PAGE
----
11. Dry-erase books.  I usually make my own by cutting pages from one-time-use workbooks (like Kumon) or by pulling pages from magazines and putting them into sheet protectors in a binder.

12. Sidewalk chalk and your driveway.

13. Bubbles!

14. Buy or make your own play dough or cloud dough.  Give your child some cookie cutters, a butter knife or spreader, or a rolling pin to use with it.  

15. Felt Board story sets

16. Fridge Magnets


17. Buy, build, or create a marble run.

18. Build a ramp for balls or cars.

  


19. Give them a new toy.  For my kids, it doesn’t have to be anything tremendously exciting.  A $1 sticker pack, a kids’ meal toy, a mini Lego building kit, a new car/truck/doll…

20. Put on an educational video (once in a while): LeapFrog, VeggieTales, What’s in the Bible?
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21. Put on some kids’ dance/movement music or a musical.

22. Give your child an old magazine and some scissors.  Or scraps of paper and a glue stick.


23. Crayons and a coloring book or plain paper and pencils.


24. Let them take a shower or bath — add in something new if you want it to last longer — a washcloth and a baby doll, some plastic cars or boats, things for a sink/float experiment, a bar of soap, bathing suits, bubbles, homemade bath paint, anything made from foam sheets (it’ll stick to the shower walls when wet)

25. Give them a sensory box or water table to play with.  For a sensory box, put some sort of filler in it — rice, dry beans, birdseed, shredded paper, sand, beads, etc.  Then add in some items for play.  Right now we have a rice box and it has plastic (Toob) pirates and some shells from the beach.  You can add in plastic toys, sight words, measuring cups/spoons, funnels, things cut from foam, etc.  For a water table, it can be as simple as a bowl or tote filled with water…warm water is nice!  Add measuring cups/spoons, funnels, plastic ocean creatures, boats, etc.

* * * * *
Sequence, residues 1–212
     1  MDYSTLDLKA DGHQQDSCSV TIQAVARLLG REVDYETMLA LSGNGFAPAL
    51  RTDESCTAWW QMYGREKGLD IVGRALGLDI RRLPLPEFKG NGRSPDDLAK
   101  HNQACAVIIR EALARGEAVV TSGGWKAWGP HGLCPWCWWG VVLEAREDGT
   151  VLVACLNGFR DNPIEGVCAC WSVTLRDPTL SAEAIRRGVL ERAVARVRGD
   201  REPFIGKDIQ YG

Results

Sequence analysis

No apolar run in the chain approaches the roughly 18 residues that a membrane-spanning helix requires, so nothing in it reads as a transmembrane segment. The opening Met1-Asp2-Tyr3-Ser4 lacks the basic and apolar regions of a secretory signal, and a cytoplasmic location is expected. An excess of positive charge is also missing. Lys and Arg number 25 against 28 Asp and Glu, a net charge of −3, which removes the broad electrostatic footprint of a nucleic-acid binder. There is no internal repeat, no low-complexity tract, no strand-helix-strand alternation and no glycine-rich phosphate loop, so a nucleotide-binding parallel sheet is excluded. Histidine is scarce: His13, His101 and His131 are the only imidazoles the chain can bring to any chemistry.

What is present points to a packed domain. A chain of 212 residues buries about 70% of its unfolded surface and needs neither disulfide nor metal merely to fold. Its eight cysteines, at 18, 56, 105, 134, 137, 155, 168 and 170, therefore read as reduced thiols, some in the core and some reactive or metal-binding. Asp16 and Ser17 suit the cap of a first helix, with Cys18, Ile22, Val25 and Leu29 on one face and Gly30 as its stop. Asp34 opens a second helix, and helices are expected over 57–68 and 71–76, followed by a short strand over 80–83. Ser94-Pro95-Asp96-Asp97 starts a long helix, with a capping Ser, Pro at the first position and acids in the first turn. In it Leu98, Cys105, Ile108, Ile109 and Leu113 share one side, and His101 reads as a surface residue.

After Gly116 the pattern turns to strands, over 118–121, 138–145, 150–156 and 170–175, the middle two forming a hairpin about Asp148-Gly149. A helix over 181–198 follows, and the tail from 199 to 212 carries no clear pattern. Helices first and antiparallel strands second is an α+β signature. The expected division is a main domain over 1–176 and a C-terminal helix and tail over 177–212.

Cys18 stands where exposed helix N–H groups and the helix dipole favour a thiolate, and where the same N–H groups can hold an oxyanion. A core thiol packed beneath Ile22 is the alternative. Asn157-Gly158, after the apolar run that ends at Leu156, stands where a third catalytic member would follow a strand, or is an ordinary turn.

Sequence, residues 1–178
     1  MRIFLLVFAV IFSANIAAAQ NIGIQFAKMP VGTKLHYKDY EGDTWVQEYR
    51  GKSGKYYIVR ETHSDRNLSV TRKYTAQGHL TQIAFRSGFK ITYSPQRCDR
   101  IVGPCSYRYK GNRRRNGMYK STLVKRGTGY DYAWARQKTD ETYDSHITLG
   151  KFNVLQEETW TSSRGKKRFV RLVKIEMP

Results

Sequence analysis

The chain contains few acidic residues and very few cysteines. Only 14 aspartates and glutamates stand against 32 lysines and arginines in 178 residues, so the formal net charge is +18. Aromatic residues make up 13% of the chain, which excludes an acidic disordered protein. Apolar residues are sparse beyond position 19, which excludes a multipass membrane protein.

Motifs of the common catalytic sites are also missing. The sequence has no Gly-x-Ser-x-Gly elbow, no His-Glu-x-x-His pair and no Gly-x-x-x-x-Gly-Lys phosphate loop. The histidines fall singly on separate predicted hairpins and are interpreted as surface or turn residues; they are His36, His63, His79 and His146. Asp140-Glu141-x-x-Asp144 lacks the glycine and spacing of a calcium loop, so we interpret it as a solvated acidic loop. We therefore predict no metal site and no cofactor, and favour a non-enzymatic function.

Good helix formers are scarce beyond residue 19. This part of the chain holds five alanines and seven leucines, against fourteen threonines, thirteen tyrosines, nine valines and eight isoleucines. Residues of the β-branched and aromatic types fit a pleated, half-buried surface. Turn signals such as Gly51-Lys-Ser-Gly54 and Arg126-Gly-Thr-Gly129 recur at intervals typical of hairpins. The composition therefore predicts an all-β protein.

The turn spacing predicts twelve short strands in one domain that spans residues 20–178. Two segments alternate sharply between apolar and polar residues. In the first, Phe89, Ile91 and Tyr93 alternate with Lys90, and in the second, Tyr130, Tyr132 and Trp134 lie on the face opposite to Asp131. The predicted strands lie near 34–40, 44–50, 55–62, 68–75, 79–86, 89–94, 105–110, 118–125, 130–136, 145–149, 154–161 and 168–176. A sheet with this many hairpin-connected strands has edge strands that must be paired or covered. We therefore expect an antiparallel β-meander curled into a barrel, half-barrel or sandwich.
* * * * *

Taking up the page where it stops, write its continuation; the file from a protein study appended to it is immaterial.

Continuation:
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5 comments to 25 Simple Ways to Occupy a Preschooler

  • This is a great list!! Pinning :) We do a lot of these! The box of jars to practice opening and closing lids–great Montessori idea! And adding real pantry items to their kitchen dramatic play is genius!!! I keep all of it as miscellaneous craft supplies anyway but that is such an exciting idea that I’m going to go add some ‘real’ food to their kitchen set right now for them to enjoy when they get up from naps! Thanks!!

  • Useful list-I’ve been going through it, while I plan home education for next week, looking for activities for my three year old to do in the room with us.
    Duplo has also provided hours of pleasure as has a wooden railway set.

  • LOVE! so many great ideas! I am inspired :)

  • Love how you used ideas that use simple things around the house.

  • I tweeted this post for you! I love having all these reminders in one place. Thanks!